This is what the air quality in London looks like as I leave for Cambridge at the end of another day, and it’s not too bad. Except that this isn’t a picture of the air quality at all — it’s a visualiisation provided by the CityAir app on my phone screen, interpreting data from a sensor network and representing it as geodata overlaid on a map, with a colour coded scale designed to be easily interpretable because it follows a normal western convention.
There are no numbers, but it’s green (the colour of nature!) and I feel slightly reassured that I haven’t poisoned myself too much on the bus from Savoy Place to King’s Cross.
I could be fooling myself. It could be that there are toxins there that are simply not detected by the range of sensors available to CityAir. In fact, in the case of a chemical attack it’s highly likelly that CityAir would show all green as there would be no cars and buses in the area because of the ensuing security alert.
So this image isn’t ‘real’ in any sense except that it’s useful to me. However since the same could be said of my entire sensorium and the mental models I build of the world on the basis of the sense data I gather and interpret, I’m not going to dismiss it out of hand.
I’ve always had a problem with the term ‘virtual reality’ because it carries the implcation that there’s a ‘real’ reality that it replaces. And since I already augment my reality with the spectacles that make this screen readable I’m not sure why the augmentation provided by light field manipulating digital technologies should get sole use of the term.
However there’s a much more worrying prospect that occurs to me this evening as I rattle home on the annoyingly unstable Great Northern rock and rolling stock that they introduced last year on the King’s Lynn line.
And that is the very real possibility that the version of the real presented to me on my phone screen is actually a ‘fake reality’, and represents not relatively clean air but the falsified data from a collection of hacked sensors designed to trick foolish walkers to breathe deeply of high levels of N02 and particulates and thereby shorten their lives significantly.
Or the possibility that the x-ray that is clear has been hacked to present evidence of a tumour, leading to a dangerous course of treatment or even unnecessary surgery.
Or that the path of the airplane on FlightRadar that shows it dangerously off route and occasions a fast jet to be scrambled is simulated.
Or that the angle of attack sensor feeding into the autopoilot sends falsified data and causes the nose to dip despite the pilot’s best efforts.
Or that the robot grips the arm of the elderly person in the care home hard enough to break a bone because the pressure sensors that inform its model of the world have been recalibrated remotely.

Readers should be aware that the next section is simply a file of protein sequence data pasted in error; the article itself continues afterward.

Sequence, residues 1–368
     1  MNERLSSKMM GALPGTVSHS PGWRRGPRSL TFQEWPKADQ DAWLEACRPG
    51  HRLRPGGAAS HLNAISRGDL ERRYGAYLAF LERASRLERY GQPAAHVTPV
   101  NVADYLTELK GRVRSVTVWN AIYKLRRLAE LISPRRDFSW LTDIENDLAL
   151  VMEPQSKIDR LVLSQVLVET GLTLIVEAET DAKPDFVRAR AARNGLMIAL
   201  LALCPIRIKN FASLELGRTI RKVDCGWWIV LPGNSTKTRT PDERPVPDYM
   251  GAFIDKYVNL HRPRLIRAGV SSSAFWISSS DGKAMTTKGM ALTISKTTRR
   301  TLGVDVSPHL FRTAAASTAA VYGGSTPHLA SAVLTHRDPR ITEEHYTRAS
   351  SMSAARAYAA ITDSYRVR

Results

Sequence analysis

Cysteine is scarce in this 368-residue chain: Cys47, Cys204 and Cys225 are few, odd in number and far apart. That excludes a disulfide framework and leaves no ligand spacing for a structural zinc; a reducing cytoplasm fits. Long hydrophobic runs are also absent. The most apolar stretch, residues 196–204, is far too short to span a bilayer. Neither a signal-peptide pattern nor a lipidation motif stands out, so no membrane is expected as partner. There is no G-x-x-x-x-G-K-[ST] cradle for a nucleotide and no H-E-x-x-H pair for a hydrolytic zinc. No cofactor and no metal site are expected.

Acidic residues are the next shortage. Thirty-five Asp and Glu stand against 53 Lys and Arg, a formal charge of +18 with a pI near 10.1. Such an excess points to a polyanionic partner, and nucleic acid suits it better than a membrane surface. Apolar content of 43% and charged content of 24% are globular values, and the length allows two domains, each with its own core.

Or that the tractor sprays herbicide on every crop plant because its sensors categorise the green of the wheat as a weed colour and its internal map of the field is updated to classify crops for termination.
As we ask our machines to sense the environment for us and then use the data they provide in models that then determine the behaviour of robots or people we create a space for hacking the model world that has strong parallels with the attempts to manipulate the information space we call news — and we go beyond ‘fake news’ to this ‘fake reality’.
The term came up during a panel session I was chairing today at ‘ Living in the Internet of Thing s’, a conference organised by PETRAS, the delightfully named ‘National Centre of Excellence for IOT Systems Cybersecurity’, which brings together academics, government and industry to look at how to make connected devices secure and trustworthy as we throw them onto the network and into homes, factories, shops, forests and our bodies
We had an excellent conversation — it will be on IET.TV at some point — and I enjoyed talking to my old friend Wendy Hall from the Web Science Institute, along with Kevin Jones from Airbus, Lucy Mason, who runs the Defence and Security Accelerator, and Rafael Cepeda from Altar Ltd.
It was Rafael who used the term ‘fake reality’, as we discussed the social and poltiical impact of connected devices and how we’ve moved from simple sensors to complex ecosystems that can even make decisions independently
He expressed his fear that insecurities in the sensors themselves or the networks that transmit them create a new space for manipulating our understanding of the world, and that as we become increasingly reliant on closed sensor/effector systems we will find ourselves vulnerable to a new form of attack.
Forget distributed denial of service — and welcome to distributed denial of reality attacks, coming soon to a home, city, school, factory or heart near you.
Originally published at http://www.astickadogandaboxwithsomethinginit.com.